Clopidogrel goes generic on May 17
Clopidogrel is FDA approved to treat patients who have had a recent heart attack or a recent stroke, or have partial or total blockage of an artery (peripheral artery disease). The anticipation of this generic approval of this popular drug has led many to question its affect on the antiplatelet drug market.
“For people who must manage chronic health conditions, having effective and affordable treatment options is important,” said Keith Webber, PhD, deputy director of the Office of Pharmaceutical Science in the FDA’s Center for Drug Evaluation and Research. “The generic products approved today will expand those options for patients.”
Clopidogrel has a boxed warning to alert healthcare professionals and patients that the drug may not work well for those with certain genetic factors that affect how the body metabolizes the drug. Patients can be tested for these genetic factors to ensure that clopidogrel is the right choice for them. Also, certain medicines, such as proton pump inhibitors omeprazole (Prilosec,Procter & Gamble) and esomeprazole (Nexium, AstraZeneca), reduce the effect of clopidogrel, leaving a person at greater risk for heart attack and stroke, according to the FDA.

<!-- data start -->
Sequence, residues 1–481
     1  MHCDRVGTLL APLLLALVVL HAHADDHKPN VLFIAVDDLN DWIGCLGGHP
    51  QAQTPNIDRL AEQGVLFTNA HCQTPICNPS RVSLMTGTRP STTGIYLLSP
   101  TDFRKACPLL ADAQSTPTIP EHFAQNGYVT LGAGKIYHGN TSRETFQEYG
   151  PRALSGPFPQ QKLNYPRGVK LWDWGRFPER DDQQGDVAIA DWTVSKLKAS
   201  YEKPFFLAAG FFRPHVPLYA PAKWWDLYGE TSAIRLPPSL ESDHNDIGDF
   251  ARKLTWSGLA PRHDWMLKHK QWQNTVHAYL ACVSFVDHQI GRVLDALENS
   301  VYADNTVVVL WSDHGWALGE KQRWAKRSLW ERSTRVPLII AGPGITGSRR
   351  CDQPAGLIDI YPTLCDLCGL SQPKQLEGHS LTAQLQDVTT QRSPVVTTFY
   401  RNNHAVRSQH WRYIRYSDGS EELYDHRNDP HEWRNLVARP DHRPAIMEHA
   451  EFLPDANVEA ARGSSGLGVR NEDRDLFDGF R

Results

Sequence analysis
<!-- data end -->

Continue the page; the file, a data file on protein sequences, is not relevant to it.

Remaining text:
The FDA added that clopidogrel may cause bleeding, which can be serious and sometimes lead to death. While taking the drug, people may bruise and bleed more easily, be more likely to have nose bleeds, and it may take longer for all bleeding to stop.
Dr. Reddy's Laboratories, Gate Pharmaceuticals, Mylan Pharmaceuticals and Teva Pharmaceuticals have gained FDA approval for 300 mg clopidogrel. Apotex, Aurobindo Pharma, Mylan Pharmaceuticals, Roxane Laboratories, Sun Pharma, Teva Pharmaceuticals and Torrent Pharmaceuticals have received approval for 75 mg clopidogrel.
Generic drugs approved by FDA are of the same high quality and strength as brand name drugs. The generic manufacturing and packaging sites must pass the same quality standards as those for brand-name drugs.